A screenshot from a Texas ACLU video promoting its "Pee with LGBT" campaign

A screenshot from a Texas ACLU video promoting its “Pee with LGBT” campaign

Amid opposition from hundreds of businesses and moderate Republican lawmakers, a Texas measure that would restrict access to bathrooms in schools and public buildings according to the gender on a person’s government-issued ID appears to be dead, according to lawmakers.

The state Senate passed SB3 in July by a 20-10 vote, but it was never referred to the House. The House version, HB46, never made it to committee, making passage unlikely before the legislature completes its 30-day special session on Wednesday.

“The bathroom bill in this session is dead and buried with dirt over its coffin,” said Mark Jones, a political science professor at Rice University in Houston told Reuters.

Proponents of the measure, who argue open bathrooms expose women and girls to sexual assault, have hoped that passage in Texas would give momentum in other states to legislation that would protect against the movement to open restrooms according to “gender identity.”

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The bill would regulate bathroom access and locker rooms for public buildings and schools based on birth certificates and other government-issued identification documents.

Lawmakers said the inclusion of the IDs was designed to accommodate transgender adults who have been unable to change their birth certificates but have updated their IDs.

The legislation also would prohibit a person whose birth certificate states their sex as male from competing as a female in athletic activities.

Reuters reported House Speaker Joe Straus, a pro-business Republican who controls the agenda in the body, has said the bill was not a priority.

The opposition was financed by major corporations such as the Texas-based energy companies Halliburton and ExxonMobil Global Services, which contend the bills are discriminatory and would make it hard for them to recruit top talent.


The author of the House version, State Rep. Ron Simmons, R-Carrollton, told the Austin American-Statesman he will try to revive the bill as an amendment before the end of the day Wednesday. But he acknowledged he knew of no bills capable of taking such an amendment.

“We’re going to fight to the end for amendment potential. I know the Senate’s doing the same thing,” he said. “This issue’s not going to go away just because we don’t handle it in the special session.”

He told the Austin paper it will “continue to be an issue for the people of Texas.”

“If we don’t deal with it now, we’re going to have to do it later,” he said.

Dave Welch, president of the Texas Pastor Council, which successfully defeated a measure in Houston allowing bathroom access according to gender identity, said he will press Gov. Greg Abbott to call a second special session to address the issue. Welch was joined by Jonathan Saenz, head of of the non-profit Texas Values.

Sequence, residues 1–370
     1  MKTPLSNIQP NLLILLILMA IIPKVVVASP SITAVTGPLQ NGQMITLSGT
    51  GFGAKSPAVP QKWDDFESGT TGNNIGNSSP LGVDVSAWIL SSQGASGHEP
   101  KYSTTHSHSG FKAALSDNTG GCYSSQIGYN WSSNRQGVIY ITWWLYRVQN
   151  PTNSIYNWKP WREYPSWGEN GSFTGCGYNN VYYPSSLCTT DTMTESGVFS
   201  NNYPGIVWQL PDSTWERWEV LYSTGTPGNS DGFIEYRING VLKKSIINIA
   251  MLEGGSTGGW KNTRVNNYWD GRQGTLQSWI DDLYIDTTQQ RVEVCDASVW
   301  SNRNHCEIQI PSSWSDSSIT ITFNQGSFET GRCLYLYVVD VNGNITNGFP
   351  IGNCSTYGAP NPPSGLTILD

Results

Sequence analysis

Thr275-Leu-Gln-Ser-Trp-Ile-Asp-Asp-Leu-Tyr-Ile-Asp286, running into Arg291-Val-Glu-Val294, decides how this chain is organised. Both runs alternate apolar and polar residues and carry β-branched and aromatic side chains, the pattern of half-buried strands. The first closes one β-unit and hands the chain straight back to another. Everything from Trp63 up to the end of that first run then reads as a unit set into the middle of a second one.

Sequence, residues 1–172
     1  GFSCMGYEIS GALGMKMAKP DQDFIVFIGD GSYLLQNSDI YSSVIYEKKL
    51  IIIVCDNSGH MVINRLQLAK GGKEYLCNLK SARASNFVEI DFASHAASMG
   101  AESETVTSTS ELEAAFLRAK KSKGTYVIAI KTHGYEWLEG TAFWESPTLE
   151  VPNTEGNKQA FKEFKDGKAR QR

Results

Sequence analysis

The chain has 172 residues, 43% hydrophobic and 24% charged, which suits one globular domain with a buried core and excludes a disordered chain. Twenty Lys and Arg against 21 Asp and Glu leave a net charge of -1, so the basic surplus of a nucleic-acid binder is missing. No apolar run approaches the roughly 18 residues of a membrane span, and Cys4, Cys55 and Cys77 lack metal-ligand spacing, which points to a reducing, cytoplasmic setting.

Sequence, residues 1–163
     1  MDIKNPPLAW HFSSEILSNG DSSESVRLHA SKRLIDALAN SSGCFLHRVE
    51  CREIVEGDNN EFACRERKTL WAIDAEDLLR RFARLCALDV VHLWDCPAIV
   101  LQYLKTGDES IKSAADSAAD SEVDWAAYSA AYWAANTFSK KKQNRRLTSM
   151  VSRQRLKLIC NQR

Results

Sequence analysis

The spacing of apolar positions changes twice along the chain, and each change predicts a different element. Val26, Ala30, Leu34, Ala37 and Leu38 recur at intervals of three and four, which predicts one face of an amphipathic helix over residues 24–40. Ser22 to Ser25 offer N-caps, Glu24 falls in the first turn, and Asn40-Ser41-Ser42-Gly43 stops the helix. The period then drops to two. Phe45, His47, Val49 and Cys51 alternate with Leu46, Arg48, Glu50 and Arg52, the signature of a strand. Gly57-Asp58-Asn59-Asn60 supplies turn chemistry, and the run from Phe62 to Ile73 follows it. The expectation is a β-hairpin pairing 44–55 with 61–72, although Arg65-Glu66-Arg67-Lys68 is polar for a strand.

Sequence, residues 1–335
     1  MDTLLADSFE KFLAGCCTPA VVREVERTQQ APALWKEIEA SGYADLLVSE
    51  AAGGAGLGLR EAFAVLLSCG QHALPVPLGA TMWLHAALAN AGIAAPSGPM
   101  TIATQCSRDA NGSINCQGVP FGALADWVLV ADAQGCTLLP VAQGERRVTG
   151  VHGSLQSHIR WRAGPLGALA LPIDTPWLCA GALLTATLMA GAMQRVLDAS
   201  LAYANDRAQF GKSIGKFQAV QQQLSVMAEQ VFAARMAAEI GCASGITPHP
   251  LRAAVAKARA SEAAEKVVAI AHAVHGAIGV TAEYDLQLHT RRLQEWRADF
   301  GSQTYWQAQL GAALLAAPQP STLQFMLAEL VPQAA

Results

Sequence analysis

Welch, according to the American-Statesman, said they “expect those that we send to Austin to do what is right … not to kowtow and bow the knee to corporate threats who are demanding that if we don’t yield the safety and privacy and freedom of our women and children that somehow we will be punished by either refusing to come to Texas or leaving Texas.”

Simmons said his aim is to ensure cities and school districts, “don’t put into place policies that forces, for example, our school age children to shower together.”

“And I know that seems unrealistic that that would happen but believe me, that will happen if this bill doesn’t pass. That is going to happen in the next two years,” he said, according to KVUE-TV in Austin.

‘Inconsistent with our values’

Two WNBA stars wrote an op-ed for NBC News published Monday opposing the legislation.

Brittney Griner and Layshia Clarendon charged the Texas Senate bill “would make it impossible for cities and school districts to proactively protect LGBTQ people in restrooms, locker rooms, and other changing facilities.”

“In turn, Texas would be subjecting trans athletes to harassment, bullying and possible assault.”

Shortly after the Super Bowl in Houston in February, the National Football League warned Texas that passage of a previous version of the bathroom bill could impact future decisions about the location of major sporting events.

“The NFL embraces inclusiveness. We want all fans to feel welcomed at our events and NFL policies prohibit discrimination based on age, gender, race, religion, sexual orientation, or any other improper standard,” league spokesman Brian McCarthy said in a statement at the time.

“If a proposal that is discriminatory or inconsistent with our values were to become law [in Texas], that would certainly be a factor considered when thinking about awarding future events.”

A similar bill in North Carolina was partially repealed in March after businesses and athletic organizations such as the Atlantic Coast Conference, the NBA and the NCAA threatened to reevaluate decisions and move events out of the state.

The WNBA players said that while they “do not identify as transgender, we know what it feels like to be singled out for not fitting neatly into social norms.”

“We have often been subjected to scrutiny and harassment for our gender expression,” they said.

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